Section 179 and Bonus Depreciation

Senator Thune, Senator Cardin and Members of the Senate Committee on Finance

Business Income Tax Working Group, the Small Business Legislative Council (SBLC), and the Tire Industry Association (TIA) appreciates this opportunity to share its insights on the importance of tax certainty for small businesses, particularly with respect to Section 179 and bonus depreciation.

On December 31, 2013, fifty-five federal tax provisions expired. On December 19, 2014, the President signed into law the Tax Increase Prevention Act of 2014 which extended these expired tax provisions through the end of December 31, 2014, just under two weeks away. In 2015, individual and business taxpayers are again facing uncertainly as to whether any or all of these tax provisions will be extended again this year. Among the expired tax provisions are the Internal Revenue Code Section 179 (“Section 179”) deduction limits and the 50 percent bonus depreciation (“bonus depreciation”). As set forth below, these tax provisions are extremely important for small businesses and the lack of certainty with respect to their renewal or extension has proven very difficult for small businesses.

Section 179 and bonus depreciation both allow businesses to write off set amounts of annual investment in capital assets, such as machinery, in the year that the asset is purchased or leased in lieu of depreciating the investment over a number of years. Being permitted to recognize a deduction for the cost of an asset in the year in which the expense is incurred is extremely important for the growth of small businesses. This is particularly true for small businesses in the first few years of existence when significant investments in capital assets are required and the business has not yet become profitable and is at the greatest risk of failure.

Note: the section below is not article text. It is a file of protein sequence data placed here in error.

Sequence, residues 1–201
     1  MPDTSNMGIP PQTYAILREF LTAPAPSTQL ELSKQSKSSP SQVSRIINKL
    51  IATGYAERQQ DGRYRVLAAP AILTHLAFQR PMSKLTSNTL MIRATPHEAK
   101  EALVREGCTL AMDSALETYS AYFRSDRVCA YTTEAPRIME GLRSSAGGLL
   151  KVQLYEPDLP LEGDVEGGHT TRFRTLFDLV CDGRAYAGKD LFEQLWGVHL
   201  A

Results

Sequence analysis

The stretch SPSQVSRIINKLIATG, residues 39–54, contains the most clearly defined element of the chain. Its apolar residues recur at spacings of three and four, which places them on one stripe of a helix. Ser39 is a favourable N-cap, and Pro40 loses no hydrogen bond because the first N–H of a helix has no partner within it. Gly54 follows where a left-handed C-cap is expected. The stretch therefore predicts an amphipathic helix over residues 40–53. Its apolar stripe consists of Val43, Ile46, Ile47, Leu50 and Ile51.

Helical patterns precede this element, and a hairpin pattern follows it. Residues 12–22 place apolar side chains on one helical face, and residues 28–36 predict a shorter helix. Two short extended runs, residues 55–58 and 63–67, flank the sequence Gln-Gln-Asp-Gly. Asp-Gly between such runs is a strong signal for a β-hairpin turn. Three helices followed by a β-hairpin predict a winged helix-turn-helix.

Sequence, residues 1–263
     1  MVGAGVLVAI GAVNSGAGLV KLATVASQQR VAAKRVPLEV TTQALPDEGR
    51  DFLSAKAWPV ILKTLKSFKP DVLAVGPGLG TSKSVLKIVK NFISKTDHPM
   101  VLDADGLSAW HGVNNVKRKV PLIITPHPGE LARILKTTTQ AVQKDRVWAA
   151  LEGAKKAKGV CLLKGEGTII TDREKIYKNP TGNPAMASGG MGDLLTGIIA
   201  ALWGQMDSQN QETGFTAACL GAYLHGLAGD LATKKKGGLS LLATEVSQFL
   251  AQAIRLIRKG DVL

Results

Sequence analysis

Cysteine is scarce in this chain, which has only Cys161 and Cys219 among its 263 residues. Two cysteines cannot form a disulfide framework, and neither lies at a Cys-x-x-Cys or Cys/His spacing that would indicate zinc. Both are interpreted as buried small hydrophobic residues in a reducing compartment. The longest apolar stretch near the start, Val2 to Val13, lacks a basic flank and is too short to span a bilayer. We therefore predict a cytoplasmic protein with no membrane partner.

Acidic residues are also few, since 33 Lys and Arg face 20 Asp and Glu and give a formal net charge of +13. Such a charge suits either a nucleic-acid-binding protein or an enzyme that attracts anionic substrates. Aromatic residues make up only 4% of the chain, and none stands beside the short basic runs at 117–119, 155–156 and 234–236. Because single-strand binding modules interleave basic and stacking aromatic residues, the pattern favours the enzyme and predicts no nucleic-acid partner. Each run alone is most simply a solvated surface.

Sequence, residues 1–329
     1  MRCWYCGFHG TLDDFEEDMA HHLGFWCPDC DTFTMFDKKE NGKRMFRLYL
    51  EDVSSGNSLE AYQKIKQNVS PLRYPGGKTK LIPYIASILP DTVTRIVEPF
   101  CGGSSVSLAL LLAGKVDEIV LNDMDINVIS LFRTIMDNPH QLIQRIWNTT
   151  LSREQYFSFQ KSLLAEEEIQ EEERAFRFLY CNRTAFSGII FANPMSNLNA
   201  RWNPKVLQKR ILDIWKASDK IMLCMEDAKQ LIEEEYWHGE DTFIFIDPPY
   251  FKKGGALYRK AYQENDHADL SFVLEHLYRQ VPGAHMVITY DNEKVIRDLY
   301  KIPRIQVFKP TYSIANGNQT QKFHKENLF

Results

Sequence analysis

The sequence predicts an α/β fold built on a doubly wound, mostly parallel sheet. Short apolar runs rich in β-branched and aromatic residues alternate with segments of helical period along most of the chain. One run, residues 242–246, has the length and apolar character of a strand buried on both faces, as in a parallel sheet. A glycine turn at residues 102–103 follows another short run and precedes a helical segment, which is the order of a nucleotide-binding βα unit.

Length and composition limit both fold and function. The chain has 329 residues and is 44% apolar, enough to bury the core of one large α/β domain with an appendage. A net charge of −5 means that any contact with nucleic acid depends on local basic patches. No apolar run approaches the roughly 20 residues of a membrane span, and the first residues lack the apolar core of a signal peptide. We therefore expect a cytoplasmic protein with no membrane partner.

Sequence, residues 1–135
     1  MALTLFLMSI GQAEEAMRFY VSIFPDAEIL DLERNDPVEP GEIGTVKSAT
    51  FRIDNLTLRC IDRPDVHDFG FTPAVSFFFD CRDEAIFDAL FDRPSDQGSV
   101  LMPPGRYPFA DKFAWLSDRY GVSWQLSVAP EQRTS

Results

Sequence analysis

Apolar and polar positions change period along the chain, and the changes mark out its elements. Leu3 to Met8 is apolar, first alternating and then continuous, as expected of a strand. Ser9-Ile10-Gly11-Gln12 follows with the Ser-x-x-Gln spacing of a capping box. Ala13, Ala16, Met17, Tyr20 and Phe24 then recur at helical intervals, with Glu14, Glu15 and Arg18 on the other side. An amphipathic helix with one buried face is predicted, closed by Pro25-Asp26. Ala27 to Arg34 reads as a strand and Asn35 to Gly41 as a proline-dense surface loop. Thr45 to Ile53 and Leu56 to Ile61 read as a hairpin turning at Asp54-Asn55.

Since 2003, there have been nine temporary increases or extensions to the Section 179 limits. In 2013, the American Taxpayer Relief Act temporarily increased the Section 179 deduction limit to $500,000 and increased the cap on the amount of capital assets that a business can purchase in a given year before their eligibility to take the Section 179 deduction is reduced or eliminated to $2,000,000. On January 1, 2015, these limits reverted back to the pre-2003 levels, which, without inflation indexing, are a deduction limit of $25,000 and an asset purchase cap of $200,000. Similarly, bonus depreciation, which was first introduced in 2002, expired altogether on December 31, 2014.

Allowing the Section 179 limits to stay at the pre-2003 levels and not extending bonus depreciation, will strike a significant blow to small business growth and, in turn, job creation. Every day that the Section 179 limits and bonus depreciation are not resolved means another day of uncertainty for small business owners who are being forced to plan for their business’ future without being able to assess what their annual tax liability will be. This annual lack of certainty for small business owners is unsustainable.